In addition to the anti-American resentment fostered by duplicitous human rights policy, executive-corporate collusion creates an additional basis for resentment abroad in the arena of corporate responsibility.275 The State Department’s letter arguing for dismissal of Exxon was written not three weeks after President Bush declared that “America’s greatest economic need is higher ethical standards,” and that “there is no capitalism without conscience.”276 The administration’s [*PG263]outrageous willingness to support severe corporate malfeasance abroad so soon after pledging to embark upon a new era of responsibility leads to the impression that American companies are only responsible “to the water’s edge.”277 This double-standard invites resentment against the United States by suggesting to indigenous plaintiffs that corporate accountability, the height of America’s concern for domestic businesses at the time of both the Exxon and Sarei interventions, is an unnecessary bother for American businesses operating in the developing world.278

The resentment and anger engendered by U.S. hypocrisy on human rights policy and corporate responsibility are antithetical to long-term U.S. interests, and represent an immediate security threat in an age of global terrorism.279 As the U.S. has become entrenched in the Middle East, an area of the world currently saturated by virulent anti-Americanism, its perception abroad has increasingly become a matter of national security policy.280 As one prominent human rights leader has noted, “Human rights are the foundation of national security, both domestically and around the world.”281 Flagrant inconsistency between U.S. rhetoric and practice abroad provides anti-American extremists and terrorists with an invaluable propaganda tool for adding angry recruits to their ranks.282 Because such antagonism is eminently preventable, U.S. double standards on human rights and corporate accountability represent a clear foreign policy failure.283


The new trend of executive-corporate collusion to dismiss diplomatically-sensitive corporate human rights lawsuits is troubling on many fronts. The trend evidences a startling lack of concern for human rights values in the United States’ foreign policy, which is inconsistent with the Bush administration’s frequent invocation of human rights values. The trend also points to hypocritical policy enforcement abroad in terms of corporate responsibility. Further, executive-corporate collusion is a tenuous legal maneuver, given the adaptability of all three judicial doctrines discussed in this Note to “human-rights friendly” application.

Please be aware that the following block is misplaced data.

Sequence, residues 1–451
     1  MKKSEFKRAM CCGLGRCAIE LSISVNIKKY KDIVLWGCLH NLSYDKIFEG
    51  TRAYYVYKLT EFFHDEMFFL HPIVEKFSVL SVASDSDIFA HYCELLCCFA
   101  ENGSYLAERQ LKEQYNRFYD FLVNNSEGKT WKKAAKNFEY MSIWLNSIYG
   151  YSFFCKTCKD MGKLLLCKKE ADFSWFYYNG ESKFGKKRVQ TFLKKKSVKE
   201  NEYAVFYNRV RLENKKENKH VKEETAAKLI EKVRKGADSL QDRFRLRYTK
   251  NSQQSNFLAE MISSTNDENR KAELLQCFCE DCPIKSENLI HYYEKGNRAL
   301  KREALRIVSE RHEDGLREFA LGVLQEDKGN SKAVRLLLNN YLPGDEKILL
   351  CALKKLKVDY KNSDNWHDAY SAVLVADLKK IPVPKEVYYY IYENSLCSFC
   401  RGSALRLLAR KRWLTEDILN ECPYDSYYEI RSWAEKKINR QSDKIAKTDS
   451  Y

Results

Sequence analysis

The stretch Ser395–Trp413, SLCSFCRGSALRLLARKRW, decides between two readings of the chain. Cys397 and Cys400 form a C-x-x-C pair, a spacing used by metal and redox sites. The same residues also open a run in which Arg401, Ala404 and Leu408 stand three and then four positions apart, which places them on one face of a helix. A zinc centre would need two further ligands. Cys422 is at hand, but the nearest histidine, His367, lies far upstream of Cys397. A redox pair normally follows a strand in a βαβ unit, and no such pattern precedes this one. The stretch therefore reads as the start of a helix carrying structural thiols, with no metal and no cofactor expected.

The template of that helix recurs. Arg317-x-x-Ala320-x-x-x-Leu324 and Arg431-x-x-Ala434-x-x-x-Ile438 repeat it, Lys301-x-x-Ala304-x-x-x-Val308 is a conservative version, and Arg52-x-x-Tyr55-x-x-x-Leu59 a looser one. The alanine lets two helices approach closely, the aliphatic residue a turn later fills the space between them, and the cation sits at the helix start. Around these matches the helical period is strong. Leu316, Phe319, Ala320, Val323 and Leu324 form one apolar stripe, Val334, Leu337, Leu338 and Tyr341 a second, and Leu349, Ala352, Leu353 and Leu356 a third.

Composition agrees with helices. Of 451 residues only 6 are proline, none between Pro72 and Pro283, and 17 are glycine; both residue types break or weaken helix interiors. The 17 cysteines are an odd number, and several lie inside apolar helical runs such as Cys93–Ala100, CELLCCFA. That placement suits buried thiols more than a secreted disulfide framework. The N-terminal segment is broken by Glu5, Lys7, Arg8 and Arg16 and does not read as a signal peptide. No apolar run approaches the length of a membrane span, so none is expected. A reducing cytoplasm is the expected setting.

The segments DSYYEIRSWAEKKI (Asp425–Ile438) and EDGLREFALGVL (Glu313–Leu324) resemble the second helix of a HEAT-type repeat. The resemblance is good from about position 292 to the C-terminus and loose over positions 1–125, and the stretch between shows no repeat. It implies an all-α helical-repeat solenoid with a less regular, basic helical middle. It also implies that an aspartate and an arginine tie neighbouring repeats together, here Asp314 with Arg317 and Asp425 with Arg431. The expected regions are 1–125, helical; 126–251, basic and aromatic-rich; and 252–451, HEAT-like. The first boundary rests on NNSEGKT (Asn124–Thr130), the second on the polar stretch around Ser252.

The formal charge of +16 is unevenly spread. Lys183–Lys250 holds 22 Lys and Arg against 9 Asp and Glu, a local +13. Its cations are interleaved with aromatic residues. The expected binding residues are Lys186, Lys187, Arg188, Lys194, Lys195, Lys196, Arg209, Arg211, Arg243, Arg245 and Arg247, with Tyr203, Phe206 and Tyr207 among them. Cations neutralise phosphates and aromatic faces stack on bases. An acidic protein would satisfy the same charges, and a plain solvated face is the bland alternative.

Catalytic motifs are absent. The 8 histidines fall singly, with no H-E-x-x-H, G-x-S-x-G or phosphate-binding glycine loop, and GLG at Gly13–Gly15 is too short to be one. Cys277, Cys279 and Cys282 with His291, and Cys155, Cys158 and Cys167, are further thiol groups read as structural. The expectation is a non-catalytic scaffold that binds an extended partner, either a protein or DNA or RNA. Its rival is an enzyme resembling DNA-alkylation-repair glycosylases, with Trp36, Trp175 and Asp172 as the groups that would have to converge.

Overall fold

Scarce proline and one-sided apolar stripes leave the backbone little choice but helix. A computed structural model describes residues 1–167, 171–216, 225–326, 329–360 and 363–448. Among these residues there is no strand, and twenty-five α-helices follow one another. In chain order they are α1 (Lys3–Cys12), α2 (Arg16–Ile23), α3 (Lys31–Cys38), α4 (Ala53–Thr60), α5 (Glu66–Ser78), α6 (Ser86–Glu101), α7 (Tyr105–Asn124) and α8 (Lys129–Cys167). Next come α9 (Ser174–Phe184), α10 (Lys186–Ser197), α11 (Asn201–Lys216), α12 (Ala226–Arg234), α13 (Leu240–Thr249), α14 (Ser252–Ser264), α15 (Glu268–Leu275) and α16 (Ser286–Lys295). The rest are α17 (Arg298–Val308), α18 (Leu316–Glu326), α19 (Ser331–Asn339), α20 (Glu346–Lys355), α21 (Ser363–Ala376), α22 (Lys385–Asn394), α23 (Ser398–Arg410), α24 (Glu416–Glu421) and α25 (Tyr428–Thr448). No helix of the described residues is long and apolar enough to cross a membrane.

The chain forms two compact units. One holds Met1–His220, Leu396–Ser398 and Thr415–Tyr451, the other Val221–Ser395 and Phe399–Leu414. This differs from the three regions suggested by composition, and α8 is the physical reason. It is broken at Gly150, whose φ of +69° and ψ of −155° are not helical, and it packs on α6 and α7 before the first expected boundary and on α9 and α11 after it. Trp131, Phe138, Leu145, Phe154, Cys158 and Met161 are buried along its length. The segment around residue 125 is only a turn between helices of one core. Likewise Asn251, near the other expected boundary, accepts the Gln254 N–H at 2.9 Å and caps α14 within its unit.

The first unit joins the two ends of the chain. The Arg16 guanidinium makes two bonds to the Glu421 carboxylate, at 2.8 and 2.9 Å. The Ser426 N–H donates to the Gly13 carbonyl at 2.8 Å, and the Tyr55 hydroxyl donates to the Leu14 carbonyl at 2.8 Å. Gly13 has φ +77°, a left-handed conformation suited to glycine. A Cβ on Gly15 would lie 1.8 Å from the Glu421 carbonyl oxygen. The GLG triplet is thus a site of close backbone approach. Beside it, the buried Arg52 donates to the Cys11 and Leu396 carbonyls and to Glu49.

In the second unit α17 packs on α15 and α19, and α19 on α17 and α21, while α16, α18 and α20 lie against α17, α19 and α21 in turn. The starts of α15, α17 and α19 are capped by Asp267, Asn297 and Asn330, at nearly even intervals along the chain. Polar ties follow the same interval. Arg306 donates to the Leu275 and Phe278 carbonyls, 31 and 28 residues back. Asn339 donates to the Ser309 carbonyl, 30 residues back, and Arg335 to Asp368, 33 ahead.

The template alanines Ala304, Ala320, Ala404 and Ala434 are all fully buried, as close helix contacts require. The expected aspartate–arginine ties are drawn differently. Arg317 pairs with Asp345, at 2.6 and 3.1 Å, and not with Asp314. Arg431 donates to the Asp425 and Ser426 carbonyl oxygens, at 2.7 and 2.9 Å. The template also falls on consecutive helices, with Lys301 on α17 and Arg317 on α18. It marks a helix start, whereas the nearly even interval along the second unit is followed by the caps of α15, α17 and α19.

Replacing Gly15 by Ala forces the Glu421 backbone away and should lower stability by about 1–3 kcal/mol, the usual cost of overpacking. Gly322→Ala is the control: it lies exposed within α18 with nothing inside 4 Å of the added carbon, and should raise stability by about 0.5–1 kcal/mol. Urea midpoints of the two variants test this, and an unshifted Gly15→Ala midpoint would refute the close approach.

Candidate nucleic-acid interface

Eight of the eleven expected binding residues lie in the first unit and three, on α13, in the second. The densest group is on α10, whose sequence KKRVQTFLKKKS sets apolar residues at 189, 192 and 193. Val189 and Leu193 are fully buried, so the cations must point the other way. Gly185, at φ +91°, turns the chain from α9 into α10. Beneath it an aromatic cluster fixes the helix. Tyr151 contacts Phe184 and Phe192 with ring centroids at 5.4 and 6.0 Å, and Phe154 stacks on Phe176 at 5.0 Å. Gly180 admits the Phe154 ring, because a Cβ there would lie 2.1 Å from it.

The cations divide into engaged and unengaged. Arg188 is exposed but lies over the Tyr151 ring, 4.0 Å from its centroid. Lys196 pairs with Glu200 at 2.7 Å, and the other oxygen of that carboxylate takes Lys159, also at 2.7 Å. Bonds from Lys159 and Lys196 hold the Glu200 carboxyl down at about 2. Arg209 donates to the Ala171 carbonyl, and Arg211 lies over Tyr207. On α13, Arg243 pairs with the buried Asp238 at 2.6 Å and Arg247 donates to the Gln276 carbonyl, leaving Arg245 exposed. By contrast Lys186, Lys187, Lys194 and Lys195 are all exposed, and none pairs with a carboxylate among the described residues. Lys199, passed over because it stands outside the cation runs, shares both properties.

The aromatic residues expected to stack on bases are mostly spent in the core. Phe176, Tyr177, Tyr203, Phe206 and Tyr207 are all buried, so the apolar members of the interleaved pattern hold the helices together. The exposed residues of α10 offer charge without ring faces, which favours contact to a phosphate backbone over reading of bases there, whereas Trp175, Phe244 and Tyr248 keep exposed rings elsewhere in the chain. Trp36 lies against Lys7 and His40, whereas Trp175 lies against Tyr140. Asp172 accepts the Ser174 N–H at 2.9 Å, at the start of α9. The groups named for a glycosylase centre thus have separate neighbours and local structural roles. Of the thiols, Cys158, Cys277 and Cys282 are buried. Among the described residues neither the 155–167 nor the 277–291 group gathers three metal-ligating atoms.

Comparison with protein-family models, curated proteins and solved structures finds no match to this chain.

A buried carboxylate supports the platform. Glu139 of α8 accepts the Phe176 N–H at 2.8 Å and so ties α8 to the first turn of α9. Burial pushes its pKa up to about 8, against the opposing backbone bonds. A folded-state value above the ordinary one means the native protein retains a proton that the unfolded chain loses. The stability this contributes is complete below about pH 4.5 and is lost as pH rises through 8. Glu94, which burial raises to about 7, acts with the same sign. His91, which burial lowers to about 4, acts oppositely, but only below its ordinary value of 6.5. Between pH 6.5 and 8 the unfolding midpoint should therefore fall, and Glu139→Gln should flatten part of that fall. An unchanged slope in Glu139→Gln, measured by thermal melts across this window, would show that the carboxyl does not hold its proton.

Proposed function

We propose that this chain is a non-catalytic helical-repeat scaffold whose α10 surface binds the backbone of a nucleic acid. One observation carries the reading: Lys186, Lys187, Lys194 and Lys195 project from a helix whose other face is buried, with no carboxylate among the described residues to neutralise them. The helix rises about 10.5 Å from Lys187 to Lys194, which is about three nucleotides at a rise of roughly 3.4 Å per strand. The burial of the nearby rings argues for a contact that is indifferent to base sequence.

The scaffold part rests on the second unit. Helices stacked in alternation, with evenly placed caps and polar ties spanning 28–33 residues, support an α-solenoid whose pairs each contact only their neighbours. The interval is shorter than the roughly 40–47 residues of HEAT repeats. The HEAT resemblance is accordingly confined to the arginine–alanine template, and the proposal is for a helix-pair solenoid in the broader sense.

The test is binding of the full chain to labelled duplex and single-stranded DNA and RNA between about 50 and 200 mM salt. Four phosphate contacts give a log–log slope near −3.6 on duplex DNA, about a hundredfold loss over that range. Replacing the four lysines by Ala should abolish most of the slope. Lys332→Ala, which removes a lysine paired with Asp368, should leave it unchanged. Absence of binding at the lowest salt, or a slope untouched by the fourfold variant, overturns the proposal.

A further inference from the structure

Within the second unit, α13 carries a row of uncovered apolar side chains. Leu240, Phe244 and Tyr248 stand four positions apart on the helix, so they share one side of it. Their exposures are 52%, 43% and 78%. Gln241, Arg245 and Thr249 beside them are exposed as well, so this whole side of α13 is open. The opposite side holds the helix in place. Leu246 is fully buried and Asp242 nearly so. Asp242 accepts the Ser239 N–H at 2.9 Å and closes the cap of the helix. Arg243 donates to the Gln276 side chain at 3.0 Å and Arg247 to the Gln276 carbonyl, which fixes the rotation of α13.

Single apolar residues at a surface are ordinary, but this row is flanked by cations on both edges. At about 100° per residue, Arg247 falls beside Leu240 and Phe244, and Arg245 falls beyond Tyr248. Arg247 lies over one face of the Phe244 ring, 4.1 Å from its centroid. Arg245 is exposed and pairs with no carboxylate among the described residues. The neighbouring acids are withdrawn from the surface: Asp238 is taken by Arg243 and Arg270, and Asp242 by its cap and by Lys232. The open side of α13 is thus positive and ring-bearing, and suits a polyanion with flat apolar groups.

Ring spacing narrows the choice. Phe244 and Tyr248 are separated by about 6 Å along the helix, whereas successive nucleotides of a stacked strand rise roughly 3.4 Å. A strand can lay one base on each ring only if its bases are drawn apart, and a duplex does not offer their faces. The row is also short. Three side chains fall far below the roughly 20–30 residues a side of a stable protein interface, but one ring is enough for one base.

Rather than intervene for political and economic gain, the executive branch should allow human rights cases that embarrass foreign sovereigns to run their course. If the allegations of the lawsuits are without merit, corporate defendants can adequately defend their interests without the help of the executive branch.284 In cases where corporations are in fact guilty of complicity in human rights abuse, the parties have the option to settle outside of court, which could mitigate any diplomatic ramifications of the dispute.285 Above all, where corporate defendants are guilty of complicity in human rights abuse abroad, their shameful and exploitative acts must be exposed, redressed, and stopped.

A resolution to the increased use of the political question, international comity, and head of state doctrines will not, however, resolve the difficulties inherent in MNC liability in U.S. courts.286 Other procedural and jurisdictional requirements still make the adjudication of claims under the ATCA, for instance, less, rather than more, likely.287 Consistent accountability for rights abusers will require a series of deeper, structural changes to the international regime of human rights protections.288 Binding standards for corporate conduct abroad are one example.289 A U.S. commitment to the International Criminal [*PG265]Court is another.290 And it is conceivable that in some instances, long-term human rights goals, if doggedly pursued, could theoretically outweigh short-term adjudication of past abuse, in which case human rights-conscious policymakers would face a difficult choice between absolutes.291

ATCA litigation in U.S. courts, however, is one of the only available solutions to the problem of unchecked corporate human rights violations abroad.292 Because of executive-corporate collusion, that solution is perilously close to losing any vestige of effectiveness.293 Until the international community can realize an international human rights framework that holds accountability for rights abuse above dated notions of sovereign prerogative, plaintiffs, in the interest of justice, should have their day in U.S. courts.294